- Is it in an appropriate quantity for me?
If no, it should be eaten in a smaller portion.
- For a granola bar, they are usually made of grain, nuts, seeds, dried fruit, etc. However, the number of raisins, for example, is likely not enough to worry about as it takes a ¼ cup to count as a ½ cup of fruit. If you think there ARE a ¼ cup of raisins, then count that. If just a few, don’t worry about it. 1 ounce of a dense granola-like cereal is usually just a ¼ cup (i.e. grapenuts). Again, using visual cues just assess as best you can how much grain is in the bar.
- This is a much easier question to answer. If it’s made with more whole grains than sugar, more nuts and seeds than saturated fat, you’re doing good. A Kashi bar is a great choice, but a Quaker Oats bar is not as good. As long as you’re making the best quality choices most of the time, you’re on the right track.
- You have a caloric budget each day and how you spend your calories is up to you. If the granola bar is only 150 calories, I think its very safe to say that it’s within a good range for you as a snack. A protein bar, however, usually contains 50% or more of the total protein you need in a day, which is too high. Thus, on something like that I’d advise you cut it in half. There are 7 grams of protein in 1 ounce of meat. Yes, you get protein from other sources in a granola/meal-replacement bar, but for the most part it is coming from the soy protein or whey protein they make the bar with. Check the label and see if you’re going over your ounce-equivalents for meat with the bar. If so, cut in half or find a replacement.
Bottom line, with mixed dishes like these you could spend (read: waste) a lot of time worrying about how to count it perfectly. But if it’s a quality food and you’re eating it in the appropriate quantity, why bother stressing? The most important part is done already. Just make educated guesses when you must and work to eat a variety each day – that’s the goal, not nit-picky perfection!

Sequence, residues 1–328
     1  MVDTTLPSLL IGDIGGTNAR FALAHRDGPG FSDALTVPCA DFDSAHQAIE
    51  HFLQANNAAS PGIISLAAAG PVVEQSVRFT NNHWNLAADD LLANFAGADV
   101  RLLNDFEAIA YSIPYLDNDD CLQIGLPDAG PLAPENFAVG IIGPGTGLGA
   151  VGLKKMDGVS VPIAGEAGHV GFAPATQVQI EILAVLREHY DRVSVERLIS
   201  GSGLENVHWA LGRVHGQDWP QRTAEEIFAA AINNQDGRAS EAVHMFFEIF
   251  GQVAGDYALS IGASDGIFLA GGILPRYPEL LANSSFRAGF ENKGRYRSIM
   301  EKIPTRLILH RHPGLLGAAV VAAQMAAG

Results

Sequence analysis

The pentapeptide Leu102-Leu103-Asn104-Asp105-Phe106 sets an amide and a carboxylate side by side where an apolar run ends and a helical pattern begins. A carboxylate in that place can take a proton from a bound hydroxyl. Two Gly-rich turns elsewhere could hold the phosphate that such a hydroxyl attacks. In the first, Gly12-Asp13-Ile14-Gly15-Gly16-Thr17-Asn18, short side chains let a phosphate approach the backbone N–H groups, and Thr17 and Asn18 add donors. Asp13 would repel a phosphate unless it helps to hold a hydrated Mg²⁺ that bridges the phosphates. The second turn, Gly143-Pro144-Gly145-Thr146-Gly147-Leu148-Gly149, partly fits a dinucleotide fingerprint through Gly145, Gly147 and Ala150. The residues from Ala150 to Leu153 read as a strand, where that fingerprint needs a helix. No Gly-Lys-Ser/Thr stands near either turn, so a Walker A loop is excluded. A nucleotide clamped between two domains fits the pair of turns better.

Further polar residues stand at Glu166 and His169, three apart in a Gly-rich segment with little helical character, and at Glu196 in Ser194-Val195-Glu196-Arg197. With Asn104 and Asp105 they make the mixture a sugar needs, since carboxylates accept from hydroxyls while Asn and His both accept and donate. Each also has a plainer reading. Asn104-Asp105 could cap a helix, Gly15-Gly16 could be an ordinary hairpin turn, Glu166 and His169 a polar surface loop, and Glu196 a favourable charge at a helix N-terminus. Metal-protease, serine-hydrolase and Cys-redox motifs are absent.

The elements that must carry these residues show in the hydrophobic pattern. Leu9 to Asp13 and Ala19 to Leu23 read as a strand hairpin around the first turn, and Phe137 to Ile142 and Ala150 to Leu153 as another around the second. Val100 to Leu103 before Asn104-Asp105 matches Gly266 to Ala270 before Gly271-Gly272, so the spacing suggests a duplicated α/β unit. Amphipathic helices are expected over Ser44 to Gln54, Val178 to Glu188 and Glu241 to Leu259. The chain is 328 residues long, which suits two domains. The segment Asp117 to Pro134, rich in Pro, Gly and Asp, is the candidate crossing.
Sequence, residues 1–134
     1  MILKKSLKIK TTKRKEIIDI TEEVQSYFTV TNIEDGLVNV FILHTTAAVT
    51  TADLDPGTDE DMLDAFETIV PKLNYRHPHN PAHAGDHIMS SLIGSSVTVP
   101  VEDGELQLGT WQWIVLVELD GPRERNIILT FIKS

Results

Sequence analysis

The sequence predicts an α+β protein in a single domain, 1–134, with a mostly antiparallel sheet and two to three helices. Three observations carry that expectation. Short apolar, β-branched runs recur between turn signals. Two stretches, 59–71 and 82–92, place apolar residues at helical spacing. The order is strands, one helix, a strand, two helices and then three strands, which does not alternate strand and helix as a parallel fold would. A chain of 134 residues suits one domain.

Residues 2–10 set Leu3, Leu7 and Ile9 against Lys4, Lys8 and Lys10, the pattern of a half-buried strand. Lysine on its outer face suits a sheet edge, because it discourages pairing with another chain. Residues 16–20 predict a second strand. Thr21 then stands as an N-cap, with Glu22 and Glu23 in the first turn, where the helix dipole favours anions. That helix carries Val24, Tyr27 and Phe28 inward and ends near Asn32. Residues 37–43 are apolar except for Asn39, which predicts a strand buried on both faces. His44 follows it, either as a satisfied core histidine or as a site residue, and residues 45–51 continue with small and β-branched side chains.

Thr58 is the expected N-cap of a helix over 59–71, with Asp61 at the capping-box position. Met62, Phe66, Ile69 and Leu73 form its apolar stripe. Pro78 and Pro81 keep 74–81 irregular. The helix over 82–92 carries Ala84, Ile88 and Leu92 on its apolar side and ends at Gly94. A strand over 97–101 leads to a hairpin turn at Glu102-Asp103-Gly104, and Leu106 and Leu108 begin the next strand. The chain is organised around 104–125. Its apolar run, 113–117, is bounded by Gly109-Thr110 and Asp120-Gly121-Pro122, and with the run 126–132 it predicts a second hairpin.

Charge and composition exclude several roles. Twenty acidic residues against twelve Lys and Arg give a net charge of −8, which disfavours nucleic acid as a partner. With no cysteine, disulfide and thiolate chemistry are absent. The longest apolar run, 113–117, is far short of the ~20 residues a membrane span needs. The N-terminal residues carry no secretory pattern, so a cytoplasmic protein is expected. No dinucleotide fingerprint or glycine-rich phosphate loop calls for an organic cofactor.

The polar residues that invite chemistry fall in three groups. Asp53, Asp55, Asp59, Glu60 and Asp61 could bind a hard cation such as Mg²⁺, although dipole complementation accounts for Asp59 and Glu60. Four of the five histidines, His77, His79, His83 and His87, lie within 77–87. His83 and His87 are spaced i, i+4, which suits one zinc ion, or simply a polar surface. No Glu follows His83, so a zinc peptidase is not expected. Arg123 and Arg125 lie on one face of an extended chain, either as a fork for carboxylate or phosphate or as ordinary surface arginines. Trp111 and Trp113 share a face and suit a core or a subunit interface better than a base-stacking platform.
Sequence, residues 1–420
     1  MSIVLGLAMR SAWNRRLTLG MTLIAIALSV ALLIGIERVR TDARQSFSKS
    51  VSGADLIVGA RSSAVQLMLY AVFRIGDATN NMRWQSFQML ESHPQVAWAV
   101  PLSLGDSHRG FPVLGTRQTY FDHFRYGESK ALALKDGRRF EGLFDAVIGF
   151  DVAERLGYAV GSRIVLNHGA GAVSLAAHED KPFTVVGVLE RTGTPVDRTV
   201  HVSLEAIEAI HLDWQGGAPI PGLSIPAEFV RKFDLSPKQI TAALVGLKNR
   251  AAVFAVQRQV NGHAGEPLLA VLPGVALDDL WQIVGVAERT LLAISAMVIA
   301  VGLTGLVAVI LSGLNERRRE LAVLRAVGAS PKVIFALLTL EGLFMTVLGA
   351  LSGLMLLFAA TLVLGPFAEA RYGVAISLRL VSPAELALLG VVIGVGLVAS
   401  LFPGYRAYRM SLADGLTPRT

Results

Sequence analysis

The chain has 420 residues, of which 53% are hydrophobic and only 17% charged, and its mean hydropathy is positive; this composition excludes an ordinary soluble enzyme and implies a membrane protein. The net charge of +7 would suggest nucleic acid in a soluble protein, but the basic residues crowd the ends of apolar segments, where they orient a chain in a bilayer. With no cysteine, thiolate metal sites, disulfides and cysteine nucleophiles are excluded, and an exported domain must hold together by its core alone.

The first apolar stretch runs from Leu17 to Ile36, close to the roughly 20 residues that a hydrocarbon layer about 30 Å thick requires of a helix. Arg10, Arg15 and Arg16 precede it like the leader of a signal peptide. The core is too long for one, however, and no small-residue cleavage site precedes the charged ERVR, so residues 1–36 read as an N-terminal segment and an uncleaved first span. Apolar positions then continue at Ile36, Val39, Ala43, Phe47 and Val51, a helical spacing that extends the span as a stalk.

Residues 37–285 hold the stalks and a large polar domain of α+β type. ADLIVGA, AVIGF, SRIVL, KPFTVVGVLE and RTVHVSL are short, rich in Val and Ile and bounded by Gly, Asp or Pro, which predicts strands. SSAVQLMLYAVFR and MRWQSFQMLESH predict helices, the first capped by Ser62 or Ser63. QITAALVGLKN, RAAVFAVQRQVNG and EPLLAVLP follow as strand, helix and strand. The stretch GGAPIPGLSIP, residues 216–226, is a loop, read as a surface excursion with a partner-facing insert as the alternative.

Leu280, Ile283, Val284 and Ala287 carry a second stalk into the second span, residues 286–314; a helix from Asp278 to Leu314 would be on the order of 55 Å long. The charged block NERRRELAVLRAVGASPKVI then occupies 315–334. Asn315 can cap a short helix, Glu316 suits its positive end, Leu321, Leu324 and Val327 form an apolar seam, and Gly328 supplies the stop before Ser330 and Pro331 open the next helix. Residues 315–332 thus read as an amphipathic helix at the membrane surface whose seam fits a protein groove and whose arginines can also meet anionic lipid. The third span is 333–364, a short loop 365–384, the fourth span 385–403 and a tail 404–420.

What we provide you with in the Member’s Guide are the tools to learn which foods fall into which categories so you can then take that knowledge and apply it to mixed dishes, restaurant food, etc. as best possible. Casseroles are likely going to fall into multiple categories based on their multiple ingredients. Take the ingredients list from the recipe and the amount used, divide them by the number of servings the recipe provides. That will give you the amount of chicken, cheese, veggies, etc. in 1 serving of that dish. Just focus on the major ingredients – not spices and herbs. If a recipe calls for 10 ounces of chicken and it feeds 5, you can assume each serving will get around 2 ounces of chicken.
With frozen meals, you’ll have to make educated guesses and leave it at that. First focus on what we talk about throughout the plan – quality and quantity. Is the quality of the meal high? To determine this read the label, the ingredients list and just use common sense. And then, is it in an appropriate quantity for your daily calorie needs? To determine this read the label and note the calories. If you have 1500 calories for a day (think of them as a budget), what would be appropriate to “spend” on lunch? I would say about 350-500 would be fine. If you plan on having two snacks throughout the day, that number might need to be adjusted a bit depending on the snacks, but just be flexible. Perfection is not the goal, moderation is.